Nowadays, there’s little doubt that heat pumps are among the most sophisticated tri-purpose heating and cooling devices available on the market. With its unique ability to meet the cooling, heating, and hot water needs within your home or commercial property, these devices are rendered supreme by the fact that it draws on the air outside for these purposes. This means that with minimal use of electricity, your device can power up most of the major functions within your home.
With heating and cooling amounting to 40% of energy consumption in an average Australian household, devices such as heat pumps can truly transform energy usage and savings.
Our blog this week focuses on how these devices prove to be remarkable when it comes to powering up underfloor heating systems in any given property!
How do these systems make use of heat pump technology?
Hydronic or underfloor heating is an incredibly cost-efficient and low energy heating solution for both residential and commercial properties.
Suited for a range of installation options, these systems are taking a firm hold in the market owing to its numerous benefits. Among these, the freedom with which users can design their space, powerful heating capabilities, and a lack of negative health impacts, add to its cost effective and energy-efficient capabilities.
By combining heat pump technology with that of underfloor heating, you bring together the unparalleled benefits of both these systems. Here, hydronic heating can use the former to take advantage of convection, encouraging heat to rise up through a space instead of forcing it down. This also allows for zoned control - instead of heating up an entire floor of an office or home, specific rooms and spaces can be heated as and when required.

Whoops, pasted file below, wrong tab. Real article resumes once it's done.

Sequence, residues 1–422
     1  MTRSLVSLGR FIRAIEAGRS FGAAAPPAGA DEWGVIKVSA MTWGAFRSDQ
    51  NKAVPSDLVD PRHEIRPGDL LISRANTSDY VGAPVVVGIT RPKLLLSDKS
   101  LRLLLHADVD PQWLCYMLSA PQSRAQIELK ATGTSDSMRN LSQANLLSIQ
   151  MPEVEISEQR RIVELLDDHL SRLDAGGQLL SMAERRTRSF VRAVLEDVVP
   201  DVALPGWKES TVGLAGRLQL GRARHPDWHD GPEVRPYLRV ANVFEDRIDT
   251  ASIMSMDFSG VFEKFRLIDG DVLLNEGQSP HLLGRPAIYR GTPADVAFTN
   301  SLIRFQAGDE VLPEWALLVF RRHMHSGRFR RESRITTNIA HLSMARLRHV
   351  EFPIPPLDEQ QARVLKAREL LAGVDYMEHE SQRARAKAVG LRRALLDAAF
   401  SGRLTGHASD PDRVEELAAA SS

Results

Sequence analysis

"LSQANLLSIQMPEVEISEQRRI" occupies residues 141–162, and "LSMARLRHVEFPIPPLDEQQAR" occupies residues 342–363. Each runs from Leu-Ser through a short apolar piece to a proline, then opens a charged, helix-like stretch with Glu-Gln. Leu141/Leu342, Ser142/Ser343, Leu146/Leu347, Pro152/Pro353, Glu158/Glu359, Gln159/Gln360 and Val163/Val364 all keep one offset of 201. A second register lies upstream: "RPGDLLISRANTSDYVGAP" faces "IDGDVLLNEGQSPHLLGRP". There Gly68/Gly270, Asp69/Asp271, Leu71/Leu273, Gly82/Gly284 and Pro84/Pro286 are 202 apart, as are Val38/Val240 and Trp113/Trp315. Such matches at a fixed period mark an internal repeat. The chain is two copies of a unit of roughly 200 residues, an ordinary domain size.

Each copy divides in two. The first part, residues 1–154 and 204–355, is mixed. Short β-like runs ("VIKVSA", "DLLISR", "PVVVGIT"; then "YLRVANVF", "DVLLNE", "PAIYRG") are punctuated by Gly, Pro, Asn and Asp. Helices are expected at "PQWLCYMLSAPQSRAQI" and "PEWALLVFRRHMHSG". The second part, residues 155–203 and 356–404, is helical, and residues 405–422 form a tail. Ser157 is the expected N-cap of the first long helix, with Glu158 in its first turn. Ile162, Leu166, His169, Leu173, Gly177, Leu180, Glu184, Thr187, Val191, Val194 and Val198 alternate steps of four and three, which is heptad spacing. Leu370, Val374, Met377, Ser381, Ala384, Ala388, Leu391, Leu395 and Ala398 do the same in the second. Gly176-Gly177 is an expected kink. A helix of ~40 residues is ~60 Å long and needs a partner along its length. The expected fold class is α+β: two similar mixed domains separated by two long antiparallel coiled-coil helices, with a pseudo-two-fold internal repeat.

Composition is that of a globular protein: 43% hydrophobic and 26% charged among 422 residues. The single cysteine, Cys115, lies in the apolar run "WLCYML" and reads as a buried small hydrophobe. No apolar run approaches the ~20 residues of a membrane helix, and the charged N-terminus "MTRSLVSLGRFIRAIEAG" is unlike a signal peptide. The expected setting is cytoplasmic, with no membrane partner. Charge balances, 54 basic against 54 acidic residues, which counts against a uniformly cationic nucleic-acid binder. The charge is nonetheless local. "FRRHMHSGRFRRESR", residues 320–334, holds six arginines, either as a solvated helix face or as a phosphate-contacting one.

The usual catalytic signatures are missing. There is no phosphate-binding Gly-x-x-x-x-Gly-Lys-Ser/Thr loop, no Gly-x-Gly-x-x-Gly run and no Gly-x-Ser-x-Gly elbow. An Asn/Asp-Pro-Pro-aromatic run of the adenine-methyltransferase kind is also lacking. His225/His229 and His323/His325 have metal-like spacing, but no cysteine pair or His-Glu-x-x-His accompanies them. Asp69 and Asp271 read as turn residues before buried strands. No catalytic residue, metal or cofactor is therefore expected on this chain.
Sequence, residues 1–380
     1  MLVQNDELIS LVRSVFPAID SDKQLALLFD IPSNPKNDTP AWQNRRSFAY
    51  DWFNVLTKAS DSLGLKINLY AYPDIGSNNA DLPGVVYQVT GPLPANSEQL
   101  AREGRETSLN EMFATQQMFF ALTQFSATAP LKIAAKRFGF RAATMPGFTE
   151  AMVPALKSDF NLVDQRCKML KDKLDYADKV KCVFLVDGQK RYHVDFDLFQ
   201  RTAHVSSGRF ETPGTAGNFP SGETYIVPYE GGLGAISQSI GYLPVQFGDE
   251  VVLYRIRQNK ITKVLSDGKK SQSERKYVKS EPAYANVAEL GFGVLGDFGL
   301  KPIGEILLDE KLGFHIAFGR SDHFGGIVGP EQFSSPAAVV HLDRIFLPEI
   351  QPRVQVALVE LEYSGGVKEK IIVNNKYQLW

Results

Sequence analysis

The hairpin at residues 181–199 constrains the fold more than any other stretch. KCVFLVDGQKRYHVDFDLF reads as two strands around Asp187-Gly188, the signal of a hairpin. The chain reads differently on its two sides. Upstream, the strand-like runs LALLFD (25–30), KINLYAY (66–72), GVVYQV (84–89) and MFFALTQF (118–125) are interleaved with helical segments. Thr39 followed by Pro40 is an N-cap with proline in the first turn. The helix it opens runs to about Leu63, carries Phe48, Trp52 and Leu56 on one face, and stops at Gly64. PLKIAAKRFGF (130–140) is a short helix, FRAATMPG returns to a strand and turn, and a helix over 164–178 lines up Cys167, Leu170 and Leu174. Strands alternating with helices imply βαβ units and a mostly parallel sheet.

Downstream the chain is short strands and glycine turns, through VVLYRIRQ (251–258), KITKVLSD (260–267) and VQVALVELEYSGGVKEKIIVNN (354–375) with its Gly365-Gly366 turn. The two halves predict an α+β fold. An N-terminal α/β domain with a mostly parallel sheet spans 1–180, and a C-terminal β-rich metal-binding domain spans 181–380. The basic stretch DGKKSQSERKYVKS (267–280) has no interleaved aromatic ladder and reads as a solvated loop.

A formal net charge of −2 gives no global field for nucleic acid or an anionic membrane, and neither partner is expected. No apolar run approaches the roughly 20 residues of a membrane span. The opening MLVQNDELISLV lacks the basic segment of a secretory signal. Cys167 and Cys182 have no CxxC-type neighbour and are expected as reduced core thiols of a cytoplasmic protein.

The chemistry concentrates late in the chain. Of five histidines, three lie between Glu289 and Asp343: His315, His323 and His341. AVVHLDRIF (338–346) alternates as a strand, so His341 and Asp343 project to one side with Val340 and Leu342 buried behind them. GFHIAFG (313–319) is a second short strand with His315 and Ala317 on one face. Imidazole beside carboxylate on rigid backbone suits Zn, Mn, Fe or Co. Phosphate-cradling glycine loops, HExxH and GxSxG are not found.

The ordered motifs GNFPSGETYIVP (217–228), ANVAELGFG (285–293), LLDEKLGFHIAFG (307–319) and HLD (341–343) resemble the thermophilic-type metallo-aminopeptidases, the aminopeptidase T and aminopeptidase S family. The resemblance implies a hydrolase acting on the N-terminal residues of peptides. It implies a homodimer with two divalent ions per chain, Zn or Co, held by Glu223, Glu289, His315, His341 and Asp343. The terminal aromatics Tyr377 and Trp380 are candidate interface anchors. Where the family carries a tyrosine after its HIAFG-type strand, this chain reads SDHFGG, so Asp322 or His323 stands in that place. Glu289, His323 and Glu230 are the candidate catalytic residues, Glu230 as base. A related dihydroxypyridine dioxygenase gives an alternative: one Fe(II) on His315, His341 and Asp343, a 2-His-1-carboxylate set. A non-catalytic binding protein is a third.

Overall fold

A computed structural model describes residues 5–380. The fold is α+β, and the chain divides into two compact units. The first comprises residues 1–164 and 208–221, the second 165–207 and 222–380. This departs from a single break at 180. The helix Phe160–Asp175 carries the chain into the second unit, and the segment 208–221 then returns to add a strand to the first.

Given that heat pumps can seamlessly switch from either heating or cooling, as well as its easy integration with photovoltaic and battery banks, it makes it easier for energy to be purchased off-grid.
An overview of heat pump technology
In the energy market, these devices come in various forms and are selected based on a number of different factors. The two major types of devices, in this regard, are Geothermal Heat Pumps and Air-To-Water Heat Pumps.
Geothermal pumps while more costlier compared to air-to-water systems, are also more efficient. They also require less maintenance and are much quieter in their operations.
These devices draw heat from the ground and are, therefore, not weather dependant - a significant advantage for its users. This also means that geothermal pumps are effective even in colder climates or where weather conditions tend to be extreme.
While these devices prove to expensive in the beginning, these costs are always offset in the long-run by their superior efficiency and reliability. It also has an expected lifespan of around 25 years, with initial investment being returned over a period of 5-10 years.
Air-to-water pumps, on the other hands, are perfect for those with a budget constraint. These devices are much cheaper to install and integrate into existing buildings. Opposed to geothermal pumps, air-to-water devices draw in heat energy from the surrounding air. The drawback to this is that it make it more dependant on climate conditions. Heat and efficiency output, therefore, is heavily dependant, on the weather outside.
With these systems, the design of a heating/cooling system is pertinent to ensuring that the heat pump operates with maximum effectivity. In order to combat phenomena such as low flow, attention needs to be paid to a heat pump’s minimum floor area requirement. This is because air-to-water devices must cover a minimum floor in order to function consistently and efficiently.
What are the benefits of combining underfloor heating with heat pumps?
One of the main benefits of combining these superior systems are its improved cost and energy efficiency.
While heat pumps do use a certain amount of electricity to power up its machinery, the systems boast a Coefficient of Performance (COP) of 4.5, compared to natural gas boilers and diesel boilers which only produce a COP of 0.93 apiece.
Heat pumps, therefore, consume only around 4.44kW of electricity in order to support a 20kW heat load, while a natural gas boiler will require over 21.5kW to produce the same yield. This means that heat pumps offer an exponential cost saving capability of up to 70% on an average household’s electricity bills.
These devices also offer greater design flexibility compared to more conventional technologies such as gas boilers or ducted heating and cooling systems.
Heat pumps are truly efficient devices, especially when combined with the beneficial effects of underfloor heating systems.
As this blog has demonstrated, if you’re looking for an energy-efficient cooling and heating system for your property, bringing together the powerful capabilities of these systems will provide more long-term benefits than one would expect.